The Effects of Dual Enrollment Credit on Gender and Race


  • Bart Ganzert Forsyth Technical Community College


dual enrollment, Huskins Bill, concurrent enrollment, college readiness, college success, race and retention, gender and retention, college success and race


The researcher of this study examined dual enrollment and Huskins Bill course effects on academic success and graduation rates by gender and race.  Quantitative statistical measures including parametric and non-parametric means comparisons, including ANOVA, t-test and chi-square tests, were used to analyze data from 15, 527 North Carolina community college students.  The researcher found that dual enrollment and Huskins Bill courses showed positive effects on GPA and graduation rates for non-white students and positive effects in graduation rate for female students enrolled in community college programs.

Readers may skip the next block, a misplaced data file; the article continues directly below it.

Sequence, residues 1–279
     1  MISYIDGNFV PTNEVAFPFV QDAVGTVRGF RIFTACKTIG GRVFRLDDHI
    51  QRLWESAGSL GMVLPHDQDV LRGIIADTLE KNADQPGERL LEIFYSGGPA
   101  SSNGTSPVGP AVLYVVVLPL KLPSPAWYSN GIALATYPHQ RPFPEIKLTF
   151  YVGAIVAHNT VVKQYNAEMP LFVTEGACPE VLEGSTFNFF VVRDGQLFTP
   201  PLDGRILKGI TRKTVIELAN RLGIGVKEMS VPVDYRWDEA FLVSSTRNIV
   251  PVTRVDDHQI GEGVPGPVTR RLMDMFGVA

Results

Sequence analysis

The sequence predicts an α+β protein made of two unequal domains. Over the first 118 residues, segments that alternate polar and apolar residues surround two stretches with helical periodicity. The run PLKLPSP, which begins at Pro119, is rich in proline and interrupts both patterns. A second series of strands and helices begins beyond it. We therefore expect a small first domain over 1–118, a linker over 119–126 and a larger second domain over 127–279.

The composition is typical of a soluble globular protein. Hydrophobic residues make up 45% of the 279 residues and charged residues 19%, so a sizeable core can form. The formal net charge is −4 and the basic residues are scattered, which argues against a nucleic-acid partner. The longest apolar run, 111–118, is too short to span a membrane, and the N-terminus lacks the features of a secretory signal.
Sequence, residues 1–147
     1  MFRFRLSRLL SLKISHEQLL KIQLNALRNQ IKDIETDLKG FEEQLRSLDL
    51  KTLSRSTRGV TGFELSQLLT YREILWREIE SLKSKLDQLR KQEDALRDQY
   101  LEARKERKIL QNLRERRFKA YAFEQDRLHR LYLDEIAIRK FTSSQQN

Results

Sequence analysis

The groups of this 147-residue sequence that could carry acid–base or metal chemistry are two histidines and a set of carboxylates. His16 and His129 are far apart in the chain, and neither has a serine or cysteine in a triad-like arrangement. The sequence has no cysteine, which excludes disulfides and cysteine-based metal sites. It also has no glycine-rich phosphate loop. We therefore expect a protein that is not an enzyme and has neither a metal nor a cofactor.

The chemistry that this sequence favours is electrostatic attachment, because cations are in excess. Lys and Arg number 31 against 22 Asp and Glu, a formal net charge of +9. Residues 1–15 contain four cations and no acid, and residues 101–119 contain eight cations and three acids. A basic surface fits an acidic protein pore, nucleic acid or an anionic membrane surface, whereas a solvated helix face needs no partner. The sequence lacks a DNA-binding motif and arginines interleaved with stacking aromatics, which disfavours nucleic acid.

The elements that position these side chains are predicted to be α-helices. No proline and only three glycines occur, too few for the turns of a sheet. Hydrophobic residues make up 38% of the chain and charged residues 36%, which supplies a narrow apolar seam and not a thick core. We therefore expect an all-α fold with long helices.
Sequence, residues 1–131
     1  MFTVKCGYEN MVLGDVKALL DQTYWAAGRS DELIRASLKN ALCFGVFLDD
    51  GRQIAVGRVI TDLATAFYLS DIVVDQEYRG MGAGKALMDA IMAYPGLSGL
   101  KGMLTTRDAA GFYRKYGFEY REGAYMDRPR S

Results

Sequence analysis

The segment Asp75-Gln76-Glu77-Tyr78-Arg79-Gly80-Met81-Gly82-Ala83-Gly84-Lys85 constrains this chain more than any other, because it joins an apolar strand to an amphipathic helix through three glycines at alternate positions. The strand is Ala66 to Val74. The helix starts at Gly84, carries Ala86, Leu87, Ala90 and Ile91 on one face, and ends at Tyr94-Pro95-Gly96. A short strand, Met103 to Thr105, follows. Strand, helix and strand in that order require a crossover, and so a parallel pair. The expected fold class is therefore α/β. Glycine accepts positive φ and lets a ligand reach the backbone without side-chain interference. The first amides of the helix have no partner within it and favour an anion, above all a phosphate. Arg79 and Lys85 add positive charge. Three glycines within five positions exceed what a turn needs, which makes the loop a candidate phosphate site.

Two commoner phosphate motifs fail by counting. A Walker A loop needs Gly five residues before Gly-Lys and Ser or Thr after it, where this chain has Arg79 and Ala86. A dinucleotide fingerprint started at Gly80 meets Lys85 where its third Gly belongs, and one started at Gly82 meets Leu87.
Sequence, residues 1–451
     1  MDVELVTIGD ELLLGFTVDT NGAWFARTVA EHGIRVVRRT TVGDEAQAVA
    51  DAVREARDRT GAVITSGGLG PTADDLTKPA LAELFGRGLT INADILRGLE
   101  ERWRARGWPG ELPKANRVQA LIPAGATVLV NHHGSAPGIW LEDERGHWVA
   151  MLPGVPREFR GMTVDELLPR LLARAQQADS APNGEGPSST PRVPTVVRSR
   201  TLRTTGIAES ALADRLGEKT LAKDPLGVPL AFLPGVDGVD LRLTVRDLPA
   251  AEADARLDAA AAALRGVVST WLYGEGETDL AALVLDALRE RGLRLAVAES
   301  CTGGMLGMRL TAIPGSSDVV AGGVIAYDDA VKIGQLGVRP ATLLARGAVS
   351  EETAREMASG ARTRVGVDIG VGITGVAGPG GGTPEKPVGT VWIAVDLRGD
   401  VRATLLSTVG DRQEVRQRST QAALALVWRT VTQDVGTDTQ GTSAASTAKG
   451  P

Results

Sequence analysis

Author Biography

Bart Ganzert, Forsyth Technical Community College

Bart Ganzert is an instructor at Forsyth Technical Community College in North Carolina.  He received his bachelors and masters degrees at Wake Forest University and his doctorate of education at Appalachian State University.  Dr. Ganzert’s research interests include K-16 partnerships, early colleges and dual enrollment effectiveness.




How to Cite

Ganzert, B. (2012). The Effects of Dual Enrollment Credit on Gender and Race. Current Issues in Education, 15(3). Retrieved from